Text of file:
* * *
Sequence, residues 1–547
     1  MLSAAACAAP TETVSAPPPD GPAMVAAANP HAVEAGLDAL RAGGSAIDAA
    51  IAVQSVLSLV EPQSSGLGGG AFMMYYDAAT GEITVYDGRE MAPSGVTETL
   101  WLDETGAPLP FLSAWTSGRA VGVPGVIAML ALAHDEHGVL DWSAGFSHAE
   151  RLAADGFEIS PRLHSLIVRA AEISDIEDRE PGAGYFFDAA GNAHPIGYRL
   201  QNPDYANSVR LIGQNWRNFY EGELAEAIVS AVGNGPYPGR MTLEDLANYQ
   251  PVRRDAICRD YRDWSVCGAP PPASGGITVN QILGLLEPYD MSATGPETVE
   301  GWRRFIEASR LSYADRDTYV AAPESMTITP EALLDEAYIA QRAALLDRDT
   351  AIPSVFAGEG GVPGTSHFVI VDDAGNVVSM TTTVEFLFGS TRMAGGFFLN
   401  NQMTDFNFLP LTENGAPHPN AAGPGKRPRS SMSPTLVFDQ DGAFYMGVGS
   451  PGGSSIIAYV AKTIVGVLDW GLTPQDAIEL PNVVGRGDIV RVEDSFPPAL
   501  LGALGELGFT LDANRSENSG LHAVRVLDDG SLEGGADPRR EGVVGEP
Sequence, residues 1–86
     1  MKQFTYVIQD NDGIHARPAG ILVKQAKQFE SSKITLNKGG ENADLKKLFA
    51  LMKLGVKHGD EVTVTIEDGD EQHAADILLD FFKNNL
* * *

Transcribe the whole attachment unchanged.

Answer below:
Sequence, residues 1–547
     1  MLSAAACAAP TETVSAPPPD GPAMVAAANP HAVEAGLDAL RAGGSAIDAA
    51  IAVQSVLSLV EPQSSGLGGG AFMMYYDAAT GEITVYDGRE MAPSGVTETL
   101  WLDETGAPLP FLSAWTSGRA VGVPGVIAML ALAHDEHGVL DWSAGFSHAE
   151  RLAADGFEIS PRLHSLIVRA AEISDIEDRE PGAGYFFDAA GNAHPIGYRL
   201  QNPDYANSVR LIGQNWRNFY EGELAEAIVS AVGNGPYPGR MTLEDLANYQ
   251  PVRRDAICRD YRDWSVCGAP PPASGGITVN QILGLLEPYD MSATGPETVE
   301  GWRRFIEASR LSYADRDTYV AAPESMTITP EALLDEAYIA QRAALLDRDT
   351  AIPSVFAGEG GVPGTSHFVI VDDAGNVVSM TTTVEFLFGS TRMAGGFFLN
   401  NQMTDFNFLP LTENGAPHPN AAGPGKRPRS SMSPTLVFDQ DGAFYMGVGS
   451  PGGSSIIAYV AKTIVGVLDW GLTPQDAIEL PNVVGRGDIV RVEDSFPPAL
   501  LGALGELGFT LDANRSENSG LHAVRVLDDG SLEGGADPRR EGVVGEP
Sequence, residues 1–86
     1  MKQFTYVIQD NDGIHARPAG ILVKQAKQFE SSKITLNKGG ENADLKKLFA
    51  LMKLGVKHGD EVTVTIEDGD EQHAADILLD FFKNNL